“A lot of people are asking why am I using plastic forks and knives that the pizza parlor gave. Well, I don’t walk around with forks and knives, and frankly, it was very comfortable. Plus, this way you can take the top of the pizza off so you’re not just eating the crust. I like to not eat the crust so we can keep the weight down at least as good as possible.”
Is it just me or does this sound like it was transliterated from Ukrainian? And I’m not sure what the hell it means to just eat the “top” of the pizza. Does he mean just the mozz and the sauce? On the average orange-grease-tinged New York utility slice that’s hardly a recipe for weight loss — but I do know it just makes him sound even more clueless. Trump could have used a second take.
But while we’re on the topic of New York City street cred and pizza, I think this Famiglia’s atrocity illustrates a point I’ve been making for years and years to anyone who’ll listen. Namely: If you took two blindfolded tourists and dropped one in a random location in New York and the other in a random location in North Jersey and told them to go find a slice of pizza, the one in North Jersey would, on average, find a better slice. What I mean is, when you take away the outliers — the legendary joints like Totonno’s and DiFara and Grimaldi’s, and the biggest of the lowest common denominator national chains — the median slice in Bergen, Passaic, Essex, Hudson and Union counties is better than the median slice in the five boroughs. I bet the disparity would be even greater if you pitted North Jersey against just Manhattan. I say this not just because I’m a Jersey boy from a proud family of pizza-makers (five uncles who tossed dough for beer money at Vinnie’s Pizz-a-rama and Brother Bruno’s in Wayne, NJ!), but because anyone who’s ever seen me can tell you I’ve eaten a lot of pizza in my day. And in my ample experience, it’s obvious.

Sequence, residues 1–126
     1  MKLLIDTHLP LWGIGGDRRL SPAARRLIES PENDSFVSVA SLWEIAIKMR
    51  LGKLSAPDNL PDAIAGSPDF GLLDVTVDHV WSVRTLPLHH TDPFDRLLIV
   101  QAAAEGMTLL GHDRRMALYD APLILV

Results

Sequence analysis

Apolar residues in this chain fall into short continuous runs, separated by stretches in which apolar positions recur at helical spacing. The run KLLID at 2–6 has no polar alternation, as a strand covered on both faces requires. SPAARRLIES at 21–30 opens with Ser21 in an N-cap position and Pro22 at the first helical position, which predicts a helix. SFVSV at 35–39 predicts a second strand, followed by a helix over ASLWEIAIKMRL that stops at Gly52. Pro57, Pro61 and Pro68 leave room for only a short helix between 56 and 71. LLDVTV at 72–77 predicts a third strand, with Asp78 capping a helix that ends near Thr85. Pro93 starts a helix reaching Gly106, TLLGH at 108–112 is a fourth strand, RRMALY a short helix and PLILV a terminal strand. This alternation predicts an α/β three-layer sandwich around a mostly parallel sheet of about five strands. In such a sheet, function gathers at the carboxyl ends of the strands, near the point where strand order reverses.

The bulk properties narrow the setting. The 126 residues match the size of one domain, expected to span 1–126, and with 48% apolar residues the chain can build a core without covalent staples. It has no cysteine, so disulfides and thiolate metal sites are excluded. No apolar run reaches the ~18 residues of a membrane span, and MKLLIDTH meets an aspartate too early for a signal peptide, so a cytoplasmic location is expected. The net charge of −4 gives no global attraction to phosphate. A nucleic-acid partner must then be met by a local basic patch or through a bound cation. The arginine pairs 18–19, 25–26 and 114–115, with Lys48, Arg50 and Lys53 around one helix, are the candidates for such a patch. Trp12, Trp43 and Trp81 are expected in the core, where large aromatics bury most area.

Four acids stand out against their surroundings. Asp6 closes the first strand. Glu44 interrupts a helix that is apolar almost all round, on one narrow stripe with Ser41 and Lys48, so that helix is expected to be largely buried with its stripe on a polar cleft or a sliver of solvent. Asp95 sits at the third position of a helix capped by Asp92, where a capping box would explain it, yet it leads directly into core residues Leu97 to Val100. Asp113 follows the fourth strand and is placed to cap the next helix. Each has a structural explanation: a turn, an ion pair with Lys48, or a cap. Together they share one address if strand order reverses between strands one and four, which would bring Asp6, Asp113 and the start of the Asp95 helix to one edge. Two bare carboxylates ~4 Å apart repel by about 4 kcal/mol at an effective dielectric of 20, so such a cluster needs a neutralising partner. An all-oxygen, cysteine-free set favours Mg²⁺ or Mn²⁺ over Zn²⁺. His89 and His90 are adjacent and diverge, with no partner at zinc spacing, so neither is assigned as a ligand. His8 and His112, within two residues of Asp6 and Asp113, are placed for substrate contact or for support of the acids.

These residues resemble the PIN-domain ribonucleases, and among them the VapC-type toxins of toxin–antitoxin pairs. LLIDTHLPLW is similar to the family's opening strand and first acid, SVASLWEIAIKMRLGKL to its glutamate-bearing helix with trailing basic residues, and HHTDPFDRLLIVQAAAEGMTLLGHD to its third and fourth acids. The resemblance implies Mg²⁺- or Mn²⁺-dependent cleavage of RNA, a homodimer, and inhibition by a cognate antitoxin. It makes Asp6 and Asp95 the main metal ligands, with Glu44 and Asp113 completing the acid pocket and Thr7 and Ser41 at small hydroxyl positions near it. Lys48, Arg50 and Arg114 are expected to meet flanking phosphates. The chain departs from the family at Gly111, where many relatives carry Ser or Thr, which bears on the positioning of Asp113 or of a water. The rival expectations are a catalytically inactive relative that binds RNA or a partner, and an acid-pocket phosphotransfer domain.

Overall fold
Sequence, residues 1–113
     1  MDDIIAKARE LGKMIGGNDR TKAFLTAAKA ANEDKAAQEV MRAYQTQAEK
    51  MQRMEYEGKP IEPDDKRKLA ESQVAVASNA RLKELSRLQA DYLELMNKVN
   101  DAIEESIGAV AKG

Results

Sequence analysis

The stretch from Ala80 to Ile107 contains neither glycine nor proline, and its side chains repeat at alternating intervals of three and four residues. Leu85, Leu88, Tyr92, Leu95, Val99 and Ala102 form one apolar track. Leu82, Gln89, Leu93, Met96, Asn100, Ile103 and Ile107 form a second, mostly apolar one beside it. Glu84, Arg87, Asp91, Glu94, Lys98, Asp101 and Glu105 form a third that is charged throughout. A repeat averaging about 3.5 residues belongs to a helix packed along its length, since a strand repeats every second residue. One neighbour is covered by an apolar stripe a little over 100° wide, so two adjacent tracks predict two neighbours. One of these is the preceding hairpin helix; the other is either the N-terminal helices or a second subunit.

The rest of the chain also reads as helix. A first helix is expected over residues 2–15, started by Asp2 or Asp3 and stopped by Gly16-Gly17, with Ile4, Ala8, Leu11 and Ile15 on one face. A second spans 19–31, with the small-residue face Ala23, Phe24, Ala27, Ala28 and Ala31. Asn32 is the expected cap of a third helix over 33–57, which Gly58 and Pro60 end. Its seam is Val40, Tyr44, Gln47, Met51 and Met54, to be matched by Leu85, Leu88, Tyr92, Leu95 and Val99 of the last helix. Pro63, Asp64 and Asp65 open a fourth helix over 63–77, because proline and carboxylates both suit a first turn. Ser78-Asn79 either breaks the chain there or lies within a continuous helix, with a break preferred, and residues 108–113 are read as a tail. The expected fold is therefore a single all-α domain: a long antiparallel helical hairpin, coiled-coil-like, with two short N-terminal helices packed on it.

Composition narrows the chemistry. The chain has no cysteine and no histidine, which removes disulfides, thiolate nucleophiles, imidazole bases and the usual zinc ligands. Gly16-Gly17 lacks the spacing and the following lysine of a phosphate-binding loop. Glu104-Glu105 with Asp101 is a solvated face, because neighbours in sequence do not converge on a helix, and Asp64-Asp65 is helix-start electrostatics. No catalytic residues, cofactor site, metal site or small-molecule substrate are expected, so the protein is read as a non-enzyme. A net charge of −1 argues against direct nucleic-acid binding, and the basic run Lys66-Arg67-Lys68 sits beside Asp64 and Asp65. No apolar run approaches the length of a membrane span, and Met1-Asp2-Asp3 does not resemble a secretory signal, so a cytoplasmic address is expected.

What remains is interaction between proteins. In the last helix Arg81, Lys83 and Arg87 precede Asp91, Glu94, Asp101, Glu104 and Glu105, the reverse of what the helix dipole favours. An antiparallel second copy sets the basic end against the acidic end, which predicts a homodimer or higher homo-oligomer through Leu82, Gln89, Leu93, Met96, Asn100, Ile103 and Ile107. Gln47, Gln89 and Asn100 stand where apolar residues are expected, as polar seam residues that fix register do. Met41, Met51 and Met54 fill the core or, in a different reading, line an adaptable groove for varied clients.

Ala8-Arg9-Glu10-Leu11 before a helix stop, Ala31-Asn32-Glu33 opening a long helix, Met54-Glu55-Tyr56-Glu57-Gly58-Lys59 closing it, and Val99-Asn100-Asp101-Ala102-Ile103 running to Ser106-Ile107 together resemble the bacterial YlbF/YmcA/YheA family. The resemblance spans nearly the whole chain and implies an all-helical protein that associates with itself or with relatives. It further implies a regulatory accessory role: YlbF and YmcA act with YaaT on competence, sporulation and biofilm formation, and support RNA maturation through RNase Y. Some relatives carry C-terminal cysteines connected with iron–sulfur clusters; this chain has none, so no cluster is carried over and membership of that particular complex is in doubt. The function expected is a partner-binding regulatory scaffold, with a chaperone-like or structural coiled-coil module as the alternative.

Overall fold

How’d this come to pass? Think about it. Both New York and Jersey are drawing from the same immigrant tradition and the same broad customer base, meaning that both the talent for excellent pizza making and the demand for excellent pizza are there. But the economic exigencies of the city mean that middle of the road joints there are far likelier to have changed ownership a number of times (Famiglia’s is Albanian!), bleeding some of that knowhow each time. New York joints also have to pay New York rent, raising their fixed costs and pressuring them to skimp on things like ingrediant quality. Moreover, the average New York joints is catering not to the epicurean, but to the tourist and the transient. Pizza shops are rarely food destinations, they’re the place you duck into for a slice on your way from A to B, and a lot of tourists just don’t know any better. All these things act to suppress pizza quality in the city, even in once great establishments (see the sad decline in quality at the various “Ray’s” shops). By contrast many pizza joints in Jersey are, in my experience, still owned and operated by the same family that opened them, and many of these owners are emigres from the five boroughs. So are many of their customers, and these ex-New Yorkers have the automobiles, disposable income, and a taste for authenticity to go to the joint the next town over if they do a better Sicilian pie or a fatter calzone.
I would argue pretty much along the same lines with respect to bagels and deli sandwiches, but I guess I should get back to actually doing what they pay me to do.